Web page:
Tinware

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Three decorative tin cans of the 15th century at Museum für Hamburgische Geschichte

Tinware is any item made of prefabricated tinplate. Usually tinware refers to kitchenware made of tinplate, often crafted by tinsmiths. Many cans used for canned food are tinware as well. Something that is tinned after being shaped and fabricated is not considered tinware.[1]

Properties[edit]

Tinware is strong, easily shaped, solder able, and is non-toxic. In addition, it has a good appearance which can be further enhanced by lacquering it. Of extreme importance is its property of corrosion resistance, especially against attack by food products. These properties are due to the properties of tinplate, as tinware is made of tinplate.[2]

Tinplate[edit]

Tinplate originated in Bohemia in the Middle Ages. Sources differ as to when this happened, ranging from the late thirteenth century [3] to the fourteenth century.[1] The technique for how to make tinplate spread to nearby regions of Germany, and by the sixteenth century Germany was the only source of tinplate in Europe.[4] Tinsmiths throughout Europe were dependent on German suppliers of tinplate, and when events such as the Thirty Years War interrupted tinplate production, tinwares became much more expensive. This caused many European nations, including Great Britain, to attempt to start tinplate manufacturing industries.[5]

Successful creation of a non-German tinplate industry was hampered by both technical difficulties and the cheapness of German tinplate. Though there was a widely acclaimed expedition by Andrew Yarranton assisted in the transfer of technical knowledge,[6] it was not until innovations like the water-powered rolling mill founded by Major Hanbury in 1728 that a successful English tinplate industry was created.[3]

Tinplate became a British dominated industry until 1890, with an output exceeding 13 million boxes of plate, of which 70% were exported to the United States. This may help explain why the United States passed the McKinley Tariff bill, which placed a tariff of 2.2 cents per pound on tinplate. After this tariff, and with other causes, the US tinplate industry became the largest in the world.[3]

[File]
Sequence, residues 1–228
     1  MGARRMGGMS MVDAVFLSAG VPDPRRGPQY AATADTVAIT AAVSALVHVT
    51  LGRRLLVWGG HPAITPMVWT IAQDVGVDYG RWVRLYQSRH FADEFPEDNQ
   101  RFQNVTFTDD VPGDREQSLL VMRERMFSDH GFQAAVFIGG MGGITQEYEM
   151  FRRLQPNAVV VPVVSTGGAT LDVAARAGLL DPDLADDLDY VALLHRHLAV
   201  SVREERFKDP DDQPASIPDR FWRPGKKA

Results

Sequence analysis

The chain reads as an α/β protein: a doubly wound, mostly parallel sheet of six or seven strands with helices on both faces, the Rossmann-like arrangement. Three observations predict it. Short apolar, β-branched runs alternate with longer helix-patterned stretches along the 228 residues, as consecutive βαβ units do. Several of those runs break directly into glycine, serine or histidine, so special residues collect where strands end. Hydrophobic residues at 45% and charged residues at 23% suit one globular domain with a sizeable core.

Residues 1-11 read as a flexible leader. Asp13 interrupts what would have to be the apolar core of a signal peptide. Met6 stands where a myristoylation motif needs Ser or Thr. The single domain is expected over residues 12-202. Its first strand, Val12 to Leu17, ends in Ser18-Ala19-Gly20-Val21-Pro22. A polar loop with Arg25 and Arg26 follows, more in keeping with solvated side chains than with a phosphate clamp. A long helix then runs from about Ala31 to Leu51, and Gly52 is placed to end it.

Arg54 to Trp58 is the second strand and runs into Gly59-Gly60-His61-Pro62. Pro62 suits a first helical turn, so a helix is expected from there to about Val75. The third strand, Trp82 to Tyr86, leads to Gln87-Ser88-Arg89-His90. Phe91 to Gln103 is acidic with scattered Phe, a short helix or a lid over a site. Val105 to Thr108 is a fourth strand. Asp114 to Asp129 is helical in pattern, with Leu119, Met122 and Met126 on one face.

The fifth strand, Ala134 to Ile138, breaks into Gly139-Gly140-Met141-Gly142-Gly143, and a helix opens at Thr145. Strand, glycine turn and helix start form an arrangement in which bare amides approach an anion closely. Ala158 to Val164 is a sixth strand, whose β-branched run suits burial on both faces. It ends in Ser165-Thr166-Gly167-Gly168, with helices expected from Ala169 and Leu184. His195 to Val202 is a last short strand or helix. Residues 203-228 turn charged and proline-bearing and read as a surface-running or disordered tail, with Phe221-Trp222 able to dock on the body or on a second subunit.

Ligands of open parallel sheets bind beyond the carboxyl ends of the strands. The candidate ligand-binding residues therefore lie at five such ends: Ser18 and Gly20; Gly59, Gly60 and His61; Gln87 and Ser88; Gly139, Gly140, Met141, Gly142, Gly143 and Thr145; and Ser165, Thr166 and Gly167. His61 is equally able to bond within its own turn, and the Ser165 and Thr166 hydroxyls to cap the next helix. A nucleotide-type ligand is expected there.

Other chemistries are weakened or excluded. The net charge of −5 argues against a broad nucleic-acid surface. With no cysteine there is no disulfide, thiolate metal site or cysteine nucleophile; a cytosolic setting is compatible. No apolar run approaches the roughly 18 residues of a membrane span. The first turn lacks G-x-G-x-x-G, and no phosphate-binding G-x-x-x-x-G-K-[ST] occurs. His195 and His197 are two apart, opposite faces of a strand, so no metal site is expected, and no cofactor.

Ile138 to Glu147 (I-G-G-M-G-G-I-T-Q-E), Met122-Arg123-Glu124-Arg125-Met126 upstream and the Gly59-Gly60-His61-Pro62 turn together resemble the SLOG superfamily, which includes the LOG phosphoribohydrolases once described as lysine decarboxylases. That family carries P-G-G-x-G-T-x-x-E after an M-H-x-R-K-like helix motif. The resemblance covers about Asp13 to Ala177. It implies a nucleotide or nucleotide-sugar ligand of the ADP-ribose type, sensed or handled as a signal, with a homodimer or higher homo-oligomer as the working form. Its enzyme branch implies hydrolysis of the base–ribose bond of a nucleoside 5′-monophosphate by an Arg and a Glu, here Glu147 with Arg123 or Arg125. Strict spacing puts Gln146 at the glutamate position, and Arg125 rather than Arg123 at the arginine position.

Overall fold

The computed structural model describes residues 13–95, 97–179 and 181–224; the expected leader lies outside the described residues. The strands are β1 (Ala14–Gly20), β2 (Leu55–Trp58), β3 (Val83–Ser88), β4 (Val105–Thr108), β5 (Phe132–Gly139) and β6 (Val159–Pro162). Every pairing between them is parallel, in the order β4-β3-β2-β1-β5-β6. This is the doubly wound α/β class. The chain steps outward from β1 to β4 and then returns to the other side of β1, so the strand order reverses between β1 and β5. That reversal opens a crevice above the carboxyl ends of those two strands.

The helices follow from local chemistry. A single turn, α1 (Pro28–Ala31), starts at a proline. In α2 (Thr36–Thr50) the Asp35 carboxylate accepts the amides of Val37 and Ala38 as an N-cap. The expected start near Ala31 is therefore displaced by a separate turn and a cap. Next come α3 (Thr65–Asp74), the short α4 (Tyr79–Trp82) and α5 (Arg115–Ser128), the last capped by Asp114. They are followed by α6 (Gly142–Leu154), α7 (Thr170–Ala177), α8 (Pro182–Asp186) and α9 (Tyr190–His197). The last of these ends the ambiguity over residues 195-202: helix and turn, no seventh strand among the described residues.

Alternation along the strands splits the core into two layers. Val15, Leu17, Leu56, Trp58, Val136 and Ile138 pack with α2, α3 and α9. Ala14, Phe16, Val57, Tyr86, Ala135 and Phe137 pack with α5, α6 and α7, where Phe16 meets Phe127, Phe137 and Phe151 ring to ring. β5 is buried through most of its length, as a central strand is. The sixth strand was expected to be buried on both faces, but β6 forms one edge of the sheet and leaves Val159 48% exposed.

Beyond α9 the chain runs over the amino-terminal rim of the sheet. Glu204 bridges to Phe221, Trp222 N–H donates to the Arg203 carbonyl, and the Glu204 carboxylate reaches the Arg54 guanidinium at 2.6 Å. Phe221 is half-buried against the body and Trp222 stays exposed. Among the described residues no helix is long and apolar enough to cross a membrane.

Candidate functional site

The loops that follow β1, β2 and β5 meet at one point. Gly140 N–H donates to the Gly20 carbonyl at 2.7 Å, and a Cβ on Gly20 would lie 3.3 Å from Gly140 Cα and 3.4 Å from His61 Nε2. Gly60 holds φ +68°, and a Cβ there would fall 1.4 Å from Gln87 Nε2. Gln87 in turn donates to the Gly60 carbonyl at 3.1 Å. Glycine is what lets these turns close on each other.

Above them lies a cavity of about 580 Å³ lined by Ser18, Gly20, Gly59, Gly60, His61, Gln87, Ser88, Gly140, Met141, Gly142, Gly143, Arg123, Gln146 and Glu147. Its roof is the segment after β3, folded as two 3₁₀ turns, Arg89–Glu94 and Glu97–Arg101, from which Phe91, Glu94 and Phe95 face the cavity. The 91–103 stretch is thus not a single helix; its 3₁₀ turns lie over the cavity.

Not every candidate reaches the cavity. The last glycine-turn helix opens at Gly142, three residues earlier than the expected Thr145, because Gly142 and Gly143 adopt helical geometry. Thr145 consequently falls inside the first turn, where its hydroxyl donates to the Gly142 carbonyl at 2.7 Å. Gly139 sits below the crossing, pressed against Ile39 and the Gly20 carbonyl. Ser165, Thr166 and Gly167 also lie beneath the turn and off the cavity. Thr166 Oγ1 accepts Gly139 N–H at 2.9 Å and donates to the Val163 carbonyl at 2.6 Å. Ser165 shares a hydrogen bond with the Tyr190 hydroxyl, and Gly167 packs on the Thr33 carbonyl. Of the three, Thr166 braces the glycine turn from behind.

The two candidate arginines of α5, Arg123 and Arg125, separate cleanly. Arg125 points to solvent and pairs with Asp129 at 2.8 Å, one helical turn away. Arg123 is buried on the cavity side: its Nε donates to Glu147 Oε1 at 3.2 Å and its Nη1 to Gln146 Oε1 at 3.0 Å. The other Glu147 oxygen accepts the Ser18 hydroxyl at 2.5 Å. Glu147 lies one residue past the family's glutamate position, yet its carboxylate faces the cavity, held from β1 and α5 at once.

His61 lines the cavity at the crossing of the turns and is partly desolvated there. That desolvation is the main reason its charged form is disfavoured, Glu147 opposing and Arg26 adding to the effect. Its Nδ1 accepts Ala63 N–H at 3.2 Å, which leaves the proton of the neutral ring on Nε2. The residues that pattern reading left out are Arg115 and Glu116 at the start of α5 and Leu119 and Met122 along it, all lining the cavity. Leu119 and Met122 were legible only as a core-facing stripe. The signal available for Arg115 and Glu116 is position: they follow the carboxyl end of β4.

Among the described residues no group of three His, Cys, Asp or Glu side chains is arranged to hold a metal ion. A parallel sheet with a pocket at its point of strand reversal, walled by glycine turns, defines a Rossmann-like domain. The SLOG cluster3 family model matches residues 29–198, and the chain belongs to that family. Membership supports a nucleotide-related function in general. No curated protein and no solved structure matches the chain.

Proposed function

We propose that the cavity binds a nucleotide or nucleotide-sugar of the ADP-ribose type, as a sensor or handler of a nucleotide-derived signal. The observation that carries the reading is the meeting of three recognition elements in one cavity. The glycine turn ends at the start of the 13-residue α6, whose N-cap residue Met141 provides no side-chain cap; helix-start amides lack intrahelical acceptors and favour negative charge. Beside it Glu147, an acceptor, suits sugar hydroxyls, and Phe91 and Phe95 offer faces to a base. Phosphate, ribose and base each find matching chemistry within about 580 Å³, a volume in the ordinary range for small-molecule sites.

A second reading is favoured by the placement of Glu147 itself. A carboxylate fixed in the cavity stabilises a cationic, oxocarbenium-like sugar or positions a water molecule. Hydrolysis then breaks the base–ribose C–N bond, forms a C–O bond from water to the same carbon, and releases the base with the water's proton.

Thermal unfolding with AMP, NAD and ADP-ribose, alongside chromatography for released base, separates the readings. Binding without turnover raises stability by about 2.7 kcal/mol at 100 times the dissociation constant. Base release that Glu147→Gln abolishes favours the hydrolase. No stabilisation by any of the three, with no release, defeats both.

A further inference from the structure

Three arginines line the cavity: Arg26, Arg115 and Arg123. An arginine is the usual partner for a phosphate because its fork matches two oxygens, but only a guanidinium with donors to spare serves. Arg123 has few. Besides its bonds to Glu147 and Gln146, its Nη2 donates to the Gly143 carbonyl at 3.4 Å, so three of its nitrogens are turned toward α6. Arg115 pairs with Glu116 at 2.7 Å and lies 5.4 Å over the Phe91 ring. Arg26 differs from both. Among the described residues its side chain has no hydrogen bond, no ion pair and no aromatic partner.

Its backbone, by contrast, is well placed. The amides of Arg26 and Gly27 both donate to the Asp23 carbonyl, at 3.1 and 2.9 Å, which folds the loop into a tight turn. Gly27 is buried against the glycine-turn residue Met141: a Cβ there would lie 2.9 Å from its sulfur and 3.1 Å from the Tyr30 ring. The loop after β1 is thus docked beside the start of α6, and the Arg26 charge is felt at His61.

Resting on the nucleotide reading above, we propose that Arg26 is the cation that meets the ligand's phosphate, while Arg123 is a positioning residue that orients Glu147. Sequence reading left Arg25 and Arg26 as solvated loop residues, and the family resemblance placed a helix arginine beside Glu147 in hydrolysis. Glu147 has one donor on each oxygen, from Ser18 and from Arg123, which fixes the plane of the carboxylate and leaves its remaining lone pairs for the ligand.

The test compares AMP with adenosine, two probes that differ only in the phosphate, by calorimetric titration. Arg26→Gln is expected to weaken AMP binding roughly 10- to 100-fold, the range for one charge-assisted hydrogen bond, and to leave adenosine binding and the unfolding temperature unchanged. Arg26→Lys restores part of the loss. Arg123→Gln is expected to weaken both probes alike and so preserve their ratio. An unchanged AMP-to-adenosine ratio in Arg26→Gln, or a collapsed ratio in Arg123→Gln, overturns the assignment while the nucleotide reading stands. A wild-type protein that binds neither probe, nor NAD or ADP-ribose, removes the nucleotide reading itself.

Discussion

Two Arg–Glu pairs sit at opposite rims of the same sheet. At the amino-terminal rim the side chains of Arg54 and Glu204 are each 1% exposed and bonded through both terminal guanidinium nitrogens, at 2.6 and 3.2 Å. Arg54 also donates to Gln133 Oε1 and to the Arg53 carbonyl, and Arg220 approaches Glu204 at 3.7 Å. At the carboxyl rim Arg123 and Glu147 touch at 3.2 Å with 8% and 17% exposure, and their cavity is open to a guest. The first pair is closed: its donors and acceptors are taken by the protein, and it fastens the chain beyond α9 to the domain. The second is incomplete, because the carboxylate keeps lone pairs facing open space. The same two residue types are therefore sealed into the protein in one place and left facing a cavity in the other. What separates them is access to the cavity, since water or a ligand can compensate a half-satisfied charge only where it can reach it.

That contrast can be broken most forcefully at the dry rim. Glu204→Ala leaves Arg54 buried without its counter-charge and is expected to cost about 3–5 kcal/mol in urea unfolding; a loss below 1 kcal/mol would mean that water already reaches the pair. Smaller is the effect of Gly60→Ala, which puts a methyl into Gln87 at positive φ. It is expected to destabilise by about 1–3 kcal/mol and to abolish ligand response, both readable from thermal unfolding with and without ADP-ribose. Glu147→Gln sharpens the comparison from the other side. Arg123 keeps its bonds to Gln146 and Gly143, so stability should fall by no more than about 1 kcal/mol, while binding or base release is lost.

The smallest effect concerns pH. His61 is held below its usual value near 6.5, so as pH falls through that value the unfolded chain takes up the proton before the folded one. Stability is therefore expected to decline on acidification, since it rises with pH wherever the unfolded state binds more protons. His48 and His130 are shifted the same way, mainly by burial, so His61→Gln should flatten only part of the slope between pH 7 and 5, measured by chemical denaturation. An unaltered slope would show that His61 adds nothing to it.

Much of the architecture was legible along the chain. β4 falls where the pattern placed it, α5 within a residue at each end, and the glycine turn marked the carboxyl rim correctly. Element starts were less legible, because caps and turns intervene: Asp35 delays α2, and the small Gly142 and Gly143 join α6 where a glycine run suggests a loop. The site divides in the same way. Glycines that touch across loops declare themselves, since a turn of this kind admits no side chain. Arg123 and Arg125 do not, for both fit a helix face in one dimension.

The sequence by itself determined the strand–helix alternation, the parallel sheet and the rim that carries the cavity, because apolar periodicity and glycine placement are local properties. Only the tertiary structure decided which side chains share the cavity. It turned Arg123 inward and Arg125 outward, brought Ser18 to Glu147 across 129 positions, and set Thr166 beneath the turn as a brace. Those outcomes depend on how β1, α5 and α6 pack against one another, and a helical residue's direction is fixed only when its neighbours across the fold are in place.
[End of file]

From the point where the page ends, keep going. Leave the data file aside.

History of Tinware in the United States[edit]

Tinware production in the United States is widely acclaimed to have started when a Scottish immigrant named Edward Pattison settled in Berlin, Hartford Country, Connecticut.[7][8] His tinware goods became extremely popular due to their ease of use and ease of cleaning,[8] and to help fulfill tinware orders he took on apprentices, which later made Berlin, Connecticut, the center of tinware manufacturing in the American Colonies.[7]

During the Industrial Revolution, many inventors turned their attention to tinware.[9] A good example of this is the invention of the circular shears by Calvin Whiting in 1804.[10]

Tinware was often sold by traveling salesmen called Yankee Peddlers. These Yankee Peddlers were both employees of tinware shops and independent. Often, tinware was traded for “Truck”, or bartered items, which were sold at the tinware shop.[11] In fact, it was often preferable for Yankee Peddlers to get truck, as written by Harvey Filley in 1822, “I don’t take but a little cash when I can get truck, for it is better these times than cash. Most all the truck is in demand, more can be made by having quantities and knowing the market.” [11]